I find plating this salad using a hand has two benefits: firstly, most of excess liquid is drained and therefore there are no large ‘puddles’ on the plate; and secondly, it is easier to shape the salad on the plate.

 

Notes:

  • This is an incredibly versatile salad and goes particularly well with a medium rib-eye steak fillet, an extremely good quality pork sausage or even pan-fried snapper.

Pho Bo – Beef Noodle Soup Hanoi Style

Introduction:

Where phở originally came from has proven inconclusive to researchers. From my little bit of digging around in Hanoi (Hà Nội) I found three theories each with their merits, but one in particular sounding the most likely. First off is a nice little theory that phở originated from the French word feu (fire) as in the dish pot-au-feu (a dish of soup, boiled meat and vegetables). The theory is plausible in that phở is pronounced the same as feu, and that it is a soup dish usually served with boiled meat. However, most of the ingredients in phở and pot-au-feu are different, and in the French version the meat is usually eaten separately from the broth whereas in the Vietnamese version the meat is in the broth, along with the noodles (phở).

Second off is the story that phở was invented during French rule by a talented cook in Nam Định City, which at the time was Vietnam’s largest colonial textile centre. The industry there was an amalgamation of French employers and Vietnamese labourers and the chef, whose name I couldn’t find, decided that to please both the colonialists and the locals he would base a soup on noodles (appealing to the Vietnamese) and beef (appealing to the French) and a few other available ingredients.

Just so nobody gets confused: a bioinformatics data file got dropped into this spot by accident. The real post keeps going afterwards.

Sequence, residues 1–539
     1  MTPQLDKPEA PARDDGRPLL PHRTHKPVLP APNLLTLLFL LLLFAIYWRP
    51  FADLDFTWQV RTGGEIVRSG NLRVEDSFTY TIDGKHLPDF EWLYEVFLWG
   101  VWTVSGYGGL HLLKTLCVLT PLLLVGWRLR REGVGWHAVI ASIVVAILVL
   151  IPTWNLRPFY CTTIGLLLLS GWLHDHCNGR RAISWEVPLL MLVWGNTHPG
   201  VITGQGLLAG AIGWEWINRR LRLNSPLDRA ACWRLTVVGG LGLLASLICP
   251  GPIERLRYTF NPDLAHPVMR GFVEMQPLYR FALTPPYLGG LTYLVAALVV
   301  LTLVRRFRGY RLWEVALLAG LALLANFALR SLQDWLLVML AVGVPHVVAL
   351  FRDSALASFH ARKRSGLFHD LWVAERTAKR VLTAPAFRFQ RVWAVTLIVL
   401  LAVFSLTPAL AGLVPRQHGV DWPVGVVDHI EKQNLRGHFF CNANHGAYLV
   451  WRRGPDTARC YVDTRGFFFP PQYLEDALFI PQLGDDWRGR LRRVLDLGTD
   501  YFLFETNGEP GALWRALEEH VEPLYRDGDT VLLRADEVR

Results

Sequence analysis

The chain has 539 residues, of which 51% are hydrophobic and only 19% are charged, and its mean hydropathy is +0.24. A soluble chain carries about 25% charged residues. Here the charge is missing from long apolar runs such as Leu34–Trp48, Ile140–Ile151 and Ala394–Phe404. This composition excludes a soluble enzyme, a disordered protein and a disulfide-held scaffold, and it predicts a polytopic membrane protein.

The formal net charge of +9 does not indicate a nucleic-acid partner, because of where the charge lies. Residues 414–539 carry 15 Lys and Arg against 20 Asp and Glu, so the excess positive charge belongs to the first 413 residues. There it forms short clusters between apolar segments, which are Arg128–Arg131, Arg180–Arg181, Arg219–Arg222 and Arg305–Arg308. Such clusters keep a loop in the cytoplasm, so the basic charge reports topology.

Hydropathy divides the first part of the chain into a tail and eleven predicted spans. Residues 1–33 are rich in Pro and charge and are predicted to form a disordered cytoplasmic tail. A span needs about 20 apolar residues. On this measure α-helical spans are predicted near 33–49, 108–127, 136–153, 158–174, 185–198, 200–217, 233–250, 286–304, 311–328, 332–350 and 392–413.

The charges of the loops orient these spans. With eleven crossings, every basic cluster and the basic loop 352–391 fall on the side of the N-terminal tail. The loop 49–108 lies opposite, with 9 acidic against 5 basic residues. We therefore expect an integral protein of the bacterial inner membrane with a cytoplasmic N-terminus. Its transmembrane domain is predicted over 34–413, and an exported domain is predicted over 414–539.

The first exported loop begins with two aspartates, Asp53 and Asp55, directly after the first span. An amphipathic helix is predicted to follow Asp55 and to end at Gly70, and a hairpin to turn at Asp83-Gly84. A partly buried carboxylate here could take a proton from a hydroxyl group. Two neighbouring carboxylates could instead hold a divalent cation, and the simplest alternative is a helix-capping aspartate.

Finally, and the theory considered to be the most likely (according to the book PHỞ a Speciality of Hà Nội by Hữu Ngọc and Lady Borton) is that the birthplace of phở was in the village of Vân Cù in the Nam Định province. The story goes that impoverished villagers created phở and then peddled their dish in Hanoi, about 100 kilometres ways. The phở was a huge success amongst both the poor and wealthy residents of Hanoi and this success may explain why several of the best phở chefs in Hanoi originate from Vân Cù Village. Vân Cù villagers do not know who created phở, they only know that in about 1925 a villager named Van became the first person to move to Hanoi to open a phở stall.

Although a year has passed since my 5 week sojourn to the astoundingly brilliant Hanoi, the memories of phở bò in particular remain entrenched in my bank of culinary experiences. The phở that I have created and posted here is a culmination of all the soups I tasted in Hanoi and advice I was given from the Vietnamese friends I made over there. I have tried to stay true to the Hanoian style: a simple, clean and uncomplicated soup that has a deep rich meaty and lightly spiced flavour, with a subtle hint of sweetness. The secret to a great phở is the broth – the broth will make or break your soup. This version is based on phở bò chin (boiled beef) and phở bò tai (rare beef).

 

Serves: 8  |   Preparation:  30-40 minutes   |   Cooking: 4 hours + resting overnight

 

Ingredients:

For the broth:
2 kg Brisket |
2 kg Beef bones | Get your butcher to cut them in to pieces.
300g Pork rib bones | Adds a ‘sweetness’ to the broth – advised by my Vietnamese friends and connoisseurs of phở
6-7 litres Cold water | Enough to ensure the bones are covered.
1 tbsp. Sea salt |
5 large Asian or French shallots | Unpeeled.
1 bulb Garlic | Unpeeled.
100g Ginger | Unpeeled.
1 Brown onion | Unpeeled.

For the spice pouch:    
5 pods Black cardamom |
3 quills Cinnamon |
10 Cloves |
6 pods Star anise |
1 tbsp. Black peppercorns |

Other flavourings for the broth:    
150ml Fish sauce | Also have some extra if the broth needs seasoning at the end.
90g Yellow Rock Sugar | This sugar tastes both richer and subtler than refined, granulated sugar. It also gives the broth a beautiful lustre and glaze. White sugar can be used but reduce the amount to about 60g.

Additions to the final Soup: